A photograph shows a kayaker paddling across a humpback whale's huge open mouth. See Example(s)
Collected via e-mail, March 2010
This story/photo is from Dr. Kraft who is a physician in Sitka.
Wow, what are the chances of taking this picture just at this moment:
Yep, that is me in the picture. Yep that is a whale that was just around the corner from the ferry terminal.
“Paddle really fast” is the only thing I could think of at the time.
Also thinking that I don’t look like a herring, don’t smell like a herring but with the same herring instinct of “get the hell out of the way of that big mouth!!”
Still living to tell yet another story…
Often photographers who have posted their work online will find that one of their pictures has been grabbed by someone else, combined with elements from a different photo (or otherwise digitally altered) to make it more compelling or salacious, and sent winging around the Internet to spread virally from inbox to inbox. In many cases these manipulated photographs depict people in imminent danger from large, dangerous, scary animals, such as widely-circulated images of a hapless parachutist about to descend into a lake surrounded by alligators, or scuba divers (both military and civilian) who are shown as being mere seconds away from becoming a shark’s next meal.
The image reproduced above is of similar ilk, seemingly showing a kayaker in Sitka, Alaska, scooting across the gaping, soon-to-be-gulping jaw of a humpback whale. And, like many such images, it is a manufactured phony, a jape created by merging two photographs taken at different times and places:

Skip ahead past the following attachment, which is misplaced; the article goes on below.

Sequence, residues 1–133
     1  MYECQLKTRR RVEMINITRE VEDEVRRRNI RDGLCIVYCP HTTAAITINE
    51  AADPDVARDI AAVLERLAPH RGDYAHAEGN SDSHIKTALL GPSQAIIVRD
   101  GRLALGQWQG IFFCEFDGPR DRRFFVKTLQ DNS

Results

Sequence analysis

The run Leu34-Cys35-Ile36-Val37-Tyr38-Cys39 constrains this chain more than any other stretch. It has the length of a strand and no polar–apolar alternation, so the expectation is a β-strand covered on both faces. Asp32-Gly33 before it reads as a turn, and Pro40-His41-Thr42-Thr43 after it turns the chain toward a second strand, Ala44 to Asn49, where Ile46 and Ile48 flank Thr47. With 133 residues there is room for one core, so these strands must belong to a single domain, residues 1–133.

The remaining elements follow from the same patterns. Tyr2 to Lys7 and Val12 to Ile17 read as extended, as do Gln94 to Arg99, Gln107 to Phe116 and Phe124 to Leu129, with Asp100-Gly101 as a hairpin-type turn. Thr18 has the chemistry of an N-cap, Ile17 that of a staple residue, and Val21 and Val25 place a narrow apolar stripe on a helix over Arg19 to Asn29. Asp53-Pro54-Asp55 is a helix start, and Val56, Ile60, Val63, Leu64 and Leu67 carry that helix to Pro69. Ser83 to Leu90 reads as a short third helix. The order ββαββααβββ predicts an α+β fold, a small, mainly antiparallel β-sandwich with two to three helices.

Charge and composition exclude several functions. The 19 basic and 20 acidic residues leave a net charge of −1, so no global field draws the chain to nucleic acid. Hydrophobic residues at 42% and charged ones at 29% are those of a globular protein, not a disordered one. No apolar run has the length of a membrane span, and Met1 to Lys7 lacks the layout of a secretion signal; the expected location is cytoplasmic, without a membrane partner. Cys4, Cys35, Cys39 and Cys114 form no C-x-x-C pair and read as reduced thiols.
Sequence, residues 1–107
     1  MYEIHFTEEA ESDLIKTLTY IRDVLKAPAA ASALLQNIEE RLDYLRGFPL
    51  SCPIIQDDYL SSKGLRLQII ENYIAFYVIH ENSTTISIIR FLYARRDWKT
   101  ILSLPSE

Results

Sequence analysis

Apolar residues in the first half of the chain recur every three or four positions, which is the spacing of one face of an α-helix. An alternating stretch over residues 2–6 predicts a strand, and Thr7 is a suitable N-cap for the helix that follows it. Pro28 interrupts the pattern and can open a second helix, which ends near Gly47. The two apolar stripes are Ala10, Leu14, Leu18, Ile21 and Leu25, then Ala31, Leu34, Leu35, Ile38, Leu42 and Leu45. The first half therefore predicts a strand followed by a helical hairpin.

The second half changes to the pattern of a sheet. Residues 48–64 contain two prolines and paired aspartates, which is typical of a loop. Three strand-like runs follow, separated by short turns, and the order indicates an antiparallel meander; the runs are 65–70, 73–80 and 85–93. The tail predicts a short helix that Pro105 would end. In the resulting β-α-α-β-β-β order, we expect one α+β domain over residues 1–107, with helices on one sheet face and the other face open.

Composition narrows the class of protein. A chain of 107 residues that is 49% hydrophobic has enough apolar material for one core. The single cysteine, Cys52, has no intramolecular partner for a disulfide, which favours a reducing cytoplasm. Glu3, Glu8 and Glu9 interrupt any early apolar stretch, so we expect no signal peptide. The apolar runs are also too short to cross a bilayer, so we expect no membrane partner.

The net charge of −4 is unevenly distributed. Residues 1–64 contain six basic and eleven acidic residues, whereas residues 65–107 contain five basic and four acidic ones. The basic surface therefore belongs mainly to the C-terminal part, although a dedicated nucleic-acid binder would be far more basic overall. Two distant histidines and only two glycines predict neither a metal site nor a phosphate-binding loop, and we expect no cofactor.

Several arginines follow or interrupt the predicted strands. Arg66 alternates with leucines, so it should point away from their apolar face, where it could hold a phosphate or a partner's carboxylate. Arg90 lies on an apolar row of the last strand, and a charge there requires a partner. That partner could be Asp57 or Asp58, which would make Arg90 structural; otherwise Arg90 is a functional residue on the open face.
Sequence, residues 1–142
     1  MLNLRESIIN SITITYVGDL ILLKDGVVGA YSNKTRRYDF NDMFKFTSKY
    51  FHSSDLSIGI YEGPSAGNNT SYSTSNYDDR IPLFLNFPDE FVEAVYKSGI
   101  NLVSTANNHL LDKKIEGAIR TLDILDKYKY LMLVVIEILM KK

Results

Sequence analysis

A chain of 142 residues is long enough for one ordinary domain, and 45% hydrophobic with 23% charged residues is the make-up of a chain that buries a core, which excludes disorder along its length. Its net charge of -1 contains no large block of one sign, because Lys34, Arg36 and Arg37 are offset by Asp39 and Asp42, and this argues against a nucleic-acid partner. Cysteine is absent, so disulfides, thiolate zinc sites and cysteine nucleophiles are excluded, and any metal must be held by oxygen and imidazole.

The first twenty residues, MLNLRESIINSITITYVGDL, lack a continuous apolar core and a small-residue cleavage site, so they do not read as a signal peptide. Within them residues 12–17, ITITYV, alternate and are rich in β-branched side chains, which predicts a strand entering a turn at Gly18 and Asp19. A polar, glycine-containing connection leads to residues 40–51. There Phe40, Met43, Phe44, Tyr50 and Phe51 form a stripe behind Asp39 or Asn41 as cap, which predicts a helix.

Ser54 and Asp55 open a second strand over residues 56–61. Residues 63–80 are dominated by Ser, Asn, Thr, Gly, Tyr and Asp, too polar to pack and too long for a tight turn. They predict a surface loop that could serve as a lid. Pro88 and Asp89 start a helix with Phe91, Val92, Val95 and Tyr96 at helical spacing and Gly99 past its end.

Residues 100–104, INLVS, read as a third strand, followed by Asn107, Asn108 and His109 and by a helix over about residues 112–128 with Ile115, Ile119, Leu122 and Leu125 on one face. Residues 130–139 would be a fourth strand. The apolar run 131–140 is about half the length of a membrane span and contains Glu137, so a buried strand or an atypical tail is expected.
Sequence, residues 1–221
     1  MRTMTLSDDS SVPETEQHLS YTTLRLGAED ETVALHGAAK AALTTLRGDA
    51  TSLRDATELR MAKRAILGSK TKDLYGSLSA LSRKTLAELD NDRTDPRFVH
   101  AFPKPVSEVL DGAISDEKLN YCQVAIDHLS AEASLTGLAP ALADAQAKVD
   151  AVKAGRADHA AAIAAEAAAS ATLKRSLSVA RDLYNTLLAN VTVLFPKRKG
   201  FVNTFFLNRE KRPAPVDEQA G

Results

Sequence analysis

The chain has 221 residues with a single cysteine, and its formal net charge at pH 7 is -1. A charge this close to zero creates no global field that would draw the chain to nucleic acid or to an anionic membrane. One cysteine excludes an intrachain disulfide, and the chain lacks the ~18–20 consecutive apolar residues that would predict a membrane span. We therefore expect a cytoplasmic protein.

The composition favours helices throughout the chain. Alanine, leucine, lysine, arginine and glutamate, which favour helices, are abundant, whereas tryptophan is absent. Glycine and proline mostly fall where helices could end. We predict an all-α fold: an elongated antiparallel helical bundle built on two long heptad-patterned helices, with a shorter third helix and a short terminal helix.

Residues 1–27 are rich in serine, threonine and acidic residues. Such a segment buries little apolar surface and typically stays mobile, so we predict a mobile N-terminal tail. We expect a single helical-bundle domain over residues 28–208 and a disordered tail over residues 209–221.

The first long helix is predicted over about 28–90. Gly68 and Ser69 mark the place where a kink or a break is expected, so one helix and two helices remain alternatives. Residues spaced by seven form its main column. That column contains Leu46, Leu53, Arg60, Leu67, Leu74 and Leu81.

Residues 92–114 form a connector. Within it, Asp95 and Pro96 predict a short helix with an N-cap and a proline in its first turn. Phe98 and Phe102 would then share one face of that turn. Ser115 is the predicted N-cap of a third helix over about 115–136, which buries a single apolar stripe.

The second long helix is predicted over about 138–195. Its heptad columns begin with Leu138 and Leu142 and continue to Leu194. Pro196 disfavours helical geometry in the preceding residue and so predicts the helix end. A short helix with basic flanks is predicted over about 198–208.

One interesting difference in this case is that the whale/kayak composite was not created by some anonymous Internet prankster, but by the original photographer himself, Tim Shobe, who explained how he came to create it:
Being bored one night and looking through my images, I came across some photos of whales that I took and then one of my friend Richard from here in Sitka while he was in his kayak. These two images were from two completely different times and locations (roughly 3 months apart). I came up with the idea to create a manipulated image with the help of Photoshop to use as a small piece of entertainment for a few of my friends on my email list. The whale image of mine that I used for this piece was one of many captured during a day in which I blessed to have witnessed several humpback whales bubblenetting and lunge feeding.
A March 2010 article in the Daily Sitka Sentinel detailed how the composite was set loose and spread via the Internet:
Sitkan Tim Shobe is known for taking photos so good they’re “unbelievable.” But none is quite so unbelievable as the one he took of his friend Rich Kraft paddling through the mouth of a bubble-feeding humpback. The photo of the humpback is real, and so is the one of Kraft. But the two together? Not real.
“He sent it to me, and I showed it around work,” said Kraft, who is a physician at SEARHC-Mt. Edgecumbe Hospital. The image included a quip about Kraft conducting an oral exam. “It was just a picture to get a chuckle,” Kraft said. He thought his friends would enjoy Shobe’s photographic and PhotoShop skills — and the joke — and sent it along to a few people.
But in the world of the Internet, such things take on a life of their own. Before Kraft knew it, the photo had come back to him after reaching several other people. The question was always: “Is this real?”
The photo of him in the kayak was taken last winter, when he and Shobe were out kayaking near the ferry terminal. The photo of the whale was taken two weeks ago in Nakwasina Sound. Shobe said he was surprised not only that people took the photo at face value, but also at the wide distribution of his PhotoShopped image.
The same image resurfaced in July 2016, with some small changes: this time, Kraft is a dentist rather than a physician, and the picture is now credited to someone named Mark Tennant.